Symphony Blog: ST Fiddle, an organization Drupal theme, free-of-charge for anyone to use it for charity purposes
This organization theme was inspired by my talk with Kim McCluskey, the founder of SunInMyHeart.com, a charity fund. During his trip to Halong Bay, I have heard about what he did for SunInMyHeart to help orphanage children. So after the trip, I created this theme for organization and non profit purposes.
If you are interested in using this theme for your charity funds, please feel free to ask me and I will send you the package free-of-charge.
We have received many requests to download this theme. As we believe the use of this theme for your websites will bring alot of benefits to other people, especially for charity purposes, we have converted this theme to Drupal 7 and provide it free of charge. No more asking, just go to the theme page and click on the Download tab, you will be able to get it.Demo
See the demo here: Drupal theme ST Fiddle demo
First off, yes, I realize it's "sound bite", but given the context, "byte" sounds more applicable.
The Toads have been at Drupalcon Portland this week in force! With a sponsor booth to manage and two different parties to organize, we've been busy, but I've managed to squeeze a few sessions in as well. Here are some top quotes and takeaways along the way:
I belive every sitebuilder already had the need to wrap multiple fields with some markup, for example to group them in a fieldset or simply to wrap them with a div to solve theming issues. The easiest way to acoplish that is to use the field group module, wich gives you a nice and handy ui integrated in the core field_ui. It comes with a common set of often used wrappers, like expandable fieldsets or even horizontal and vertical tabs.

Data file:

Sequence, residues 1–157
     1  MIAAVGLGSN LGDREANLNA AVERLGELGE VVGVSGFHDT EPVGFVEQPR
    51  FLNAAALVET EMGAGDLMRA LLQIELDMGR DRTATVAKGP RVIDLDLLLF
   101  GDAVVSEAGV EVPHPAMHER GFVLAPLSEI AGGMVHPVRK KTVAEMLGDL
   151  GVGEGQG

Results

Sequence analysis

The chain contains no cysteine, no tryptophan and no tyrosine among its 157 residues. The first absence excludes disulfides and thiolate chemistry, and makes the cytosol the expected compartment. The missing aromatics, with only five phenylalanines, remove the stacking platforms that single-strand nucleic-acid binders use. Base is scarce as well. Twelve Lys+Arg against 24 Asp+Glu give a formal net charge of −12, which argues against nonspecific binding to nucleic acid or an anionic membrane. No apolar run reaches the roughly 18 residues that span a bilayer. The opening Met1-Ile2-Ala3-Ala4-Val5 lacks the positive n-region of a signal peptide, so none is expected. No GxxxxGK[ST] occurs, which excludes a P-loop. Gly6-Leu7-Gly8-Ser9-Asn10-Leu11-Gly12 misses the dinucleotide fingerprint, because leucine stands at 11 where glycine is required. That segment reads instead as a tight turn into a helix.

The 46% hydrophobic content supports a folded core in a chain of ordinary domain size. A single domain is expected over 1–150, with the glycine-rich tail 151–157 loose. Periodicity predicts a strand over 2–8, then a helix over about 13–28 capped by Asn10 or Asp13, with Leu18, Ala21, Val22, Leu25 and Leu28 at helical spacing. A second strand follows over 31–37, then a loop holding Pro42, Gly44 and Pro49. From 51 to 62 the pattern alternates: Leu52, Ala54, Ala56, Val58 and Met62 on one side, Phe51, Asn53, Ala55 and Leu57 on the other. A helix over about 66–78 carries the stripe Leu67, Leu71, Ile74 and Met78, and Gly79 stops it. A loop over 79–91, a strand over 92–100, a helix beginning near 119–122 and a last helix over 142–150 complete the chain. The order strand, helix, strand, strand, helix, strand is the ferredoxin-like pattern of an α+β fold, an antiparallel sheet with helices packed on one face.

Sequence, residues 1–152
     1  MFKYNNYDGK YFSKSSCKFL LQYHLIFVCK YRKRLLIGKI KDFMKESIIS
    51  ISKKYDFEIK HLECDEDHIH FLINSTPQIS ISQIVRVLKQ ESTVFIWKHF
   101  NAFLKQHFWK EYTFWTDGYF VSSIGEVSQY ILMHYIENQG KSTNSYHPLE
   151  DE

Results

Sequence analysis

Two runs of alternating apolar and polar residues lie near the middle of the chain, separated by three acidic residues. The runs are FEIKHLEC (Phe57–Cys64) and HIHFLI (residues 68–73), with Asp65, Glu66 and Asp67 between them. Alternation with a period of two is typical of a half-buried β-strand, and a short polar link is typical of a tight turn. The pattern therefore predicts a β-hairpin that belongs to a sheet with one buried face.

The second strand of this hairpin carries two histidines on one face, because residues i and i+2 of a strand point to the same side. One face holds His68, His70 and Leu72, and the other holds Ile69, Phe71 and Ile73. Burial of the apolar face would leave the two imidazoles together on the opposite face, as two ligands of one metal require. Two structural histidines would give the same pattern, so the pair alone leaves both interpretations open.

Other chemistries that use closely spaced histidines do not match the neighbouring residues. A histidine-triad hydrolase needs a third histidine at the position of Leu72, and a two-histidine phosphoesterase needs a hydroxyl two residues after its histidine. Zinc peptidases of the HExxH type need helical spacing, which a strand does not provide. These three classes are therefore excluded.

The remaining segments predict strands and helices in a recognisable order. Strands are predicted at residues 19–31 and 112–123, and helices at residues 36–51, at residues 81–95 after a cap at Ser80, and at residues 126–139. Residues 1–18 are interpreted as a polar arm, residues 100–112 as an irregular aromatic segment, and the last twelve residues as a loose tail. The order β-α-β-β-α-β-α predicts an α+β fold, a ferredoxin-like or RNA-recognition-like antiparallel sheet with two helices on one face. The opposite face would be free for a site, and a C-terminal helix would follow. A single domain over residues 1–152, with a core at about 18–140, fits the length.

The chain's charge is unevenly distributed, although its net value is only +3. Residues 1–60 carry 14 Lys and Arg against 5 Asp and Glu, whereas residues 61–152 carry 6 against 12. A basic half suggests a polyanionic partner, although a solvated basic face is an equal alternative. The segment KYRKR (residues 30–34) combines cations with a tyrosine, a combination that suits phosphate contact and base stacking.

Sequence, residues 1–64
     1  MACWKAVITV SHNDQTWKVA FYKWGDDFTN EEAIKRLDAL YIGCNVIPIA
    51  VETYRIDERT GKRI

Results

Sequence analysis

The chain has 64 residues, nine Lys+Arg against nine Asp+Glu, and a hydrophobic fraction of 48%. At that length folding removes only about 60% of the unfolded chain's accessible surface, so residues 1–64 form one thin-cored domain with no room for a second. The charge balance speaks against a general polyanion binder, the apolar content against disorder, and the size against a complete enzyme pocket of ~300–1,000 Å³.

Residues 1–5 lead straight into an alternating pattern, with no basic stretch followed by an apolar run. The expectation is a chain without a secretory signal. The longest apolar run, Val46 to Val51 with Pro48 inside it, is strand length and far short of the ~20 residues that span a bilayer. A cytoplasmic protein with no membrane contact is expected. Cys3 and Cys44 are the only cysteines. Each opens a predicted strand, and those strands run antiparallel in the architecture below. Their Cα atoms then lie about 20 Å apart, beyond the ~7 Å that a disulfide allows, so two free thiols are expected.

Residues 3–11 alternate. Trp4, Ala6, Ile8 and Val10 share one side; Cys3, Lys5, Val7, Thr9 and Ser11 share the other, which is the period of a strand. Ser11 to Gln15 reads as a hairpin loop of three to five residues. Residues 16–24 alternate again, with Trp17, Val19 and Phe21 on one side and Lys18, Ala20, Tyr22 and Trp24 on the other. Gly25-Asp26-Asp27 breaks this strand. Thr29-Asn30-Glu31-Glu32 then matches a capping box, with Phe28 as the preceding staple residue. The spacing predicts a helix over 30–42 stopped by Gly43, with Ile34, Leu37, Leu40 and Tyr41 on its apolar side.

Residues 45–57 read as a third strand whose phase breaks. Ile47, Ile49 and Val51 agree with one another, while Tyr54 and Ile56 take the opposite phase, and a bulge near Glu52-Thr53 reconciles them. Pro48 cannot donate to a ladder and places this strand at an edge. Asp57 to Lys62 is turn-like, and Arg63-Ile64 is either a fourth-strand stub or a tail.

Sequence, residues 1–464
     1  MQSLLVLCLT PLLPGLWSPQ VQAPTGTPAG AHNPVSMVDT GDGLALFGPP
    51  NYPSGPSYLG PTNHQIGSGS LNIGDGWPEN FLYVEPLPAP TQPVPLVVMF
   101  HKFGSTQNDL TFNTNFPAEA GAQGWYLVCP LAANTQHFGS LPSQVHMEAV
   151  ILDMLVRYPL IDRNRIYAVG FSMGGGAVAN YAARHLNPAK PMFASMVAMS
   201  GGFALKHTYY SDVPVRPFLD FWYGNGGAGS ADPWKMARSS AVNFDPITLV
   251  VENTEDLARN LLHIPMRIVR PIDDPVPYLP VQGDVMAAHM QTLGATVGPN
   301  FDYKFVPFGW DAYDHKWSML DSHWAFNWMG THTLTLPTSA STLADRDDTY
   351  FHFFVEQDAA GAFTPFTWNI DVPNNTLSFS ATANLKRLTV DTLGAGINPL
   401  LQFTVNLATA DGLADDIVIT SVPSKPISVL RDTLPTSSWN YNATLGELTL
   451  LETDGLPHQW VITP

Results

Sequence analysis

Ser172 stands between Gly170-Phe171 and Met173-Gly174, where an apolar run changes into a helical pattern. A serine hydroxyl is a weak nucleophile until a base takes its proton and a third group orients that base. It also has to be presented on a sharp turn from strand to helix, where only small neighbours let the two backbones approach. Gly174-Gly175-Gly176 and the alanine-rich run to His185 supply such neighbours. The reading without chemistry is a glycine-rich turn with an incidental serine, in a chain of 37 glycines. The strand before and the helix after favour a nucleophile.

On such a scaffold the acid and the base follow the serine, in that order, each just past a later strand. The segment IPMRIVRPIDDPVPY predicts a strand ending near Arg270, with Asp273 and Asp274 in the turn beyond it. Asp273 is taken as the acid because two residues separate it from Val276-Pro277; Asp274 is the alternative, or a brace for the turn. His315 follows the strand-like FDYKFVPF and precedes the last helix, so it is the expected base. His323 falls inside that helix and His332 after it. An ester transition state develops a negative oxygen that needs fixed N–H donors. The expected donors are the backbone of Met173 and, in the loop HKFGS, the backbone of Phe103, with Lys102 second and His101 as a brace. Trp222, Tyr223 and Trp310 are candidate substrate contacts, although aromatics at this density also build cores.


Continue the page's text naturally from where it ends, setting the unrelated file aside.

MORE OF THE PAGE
The module itself is a great tool for sitebuilders and themers because it is easy to use and exportable with the features module.
Sadly the module is pretty old and it is very complicated to get new features in it, because so many sites already use the module. So everyone lived with the overload of classes field_group appends to its containers and the poor set of available markup. Yannickoo from Loom created a patch, wich allows the user to decide how the wrapper should look like, by simply adding the tag in the ui.
This looks somewhat like in the image above!
If you want to take advantage of this new feature, you need to download the latest development snapshot 7.x-1.x, instead of the stable release.
Credits are going to yannickoo for this great work!Weitere Bilder:
WYSIWYG in Drupal 8 is going to rock, simple as that. Practically all annoyances, complications and other stuff we have had to endure In Drupal 7 and earlier has been fixed. Read all about it and also watch Nate Haug's DrupalCon Portland 2013 session about the improvements here.
Unfortunately Nate also revealed that Drupal 8 will still automatically delete files when their usage gets zero. That is a bad thing and I'll explain why I strongly believe that.Read the full "Drupal 8 WYSIWYG and File Cleanup" post on www.tsvenson.com
Often times it is needed to create module specific custom tables to store persistent data. Drupal offers a set of hooks in connection to this. Most commonly used among these are hook_schema() and hook_update_N(). First hook, hook_schema() holds the structure of table in the form of PHP array.Google Plus One Linkedin Share Button Tweet Widget Facebook Like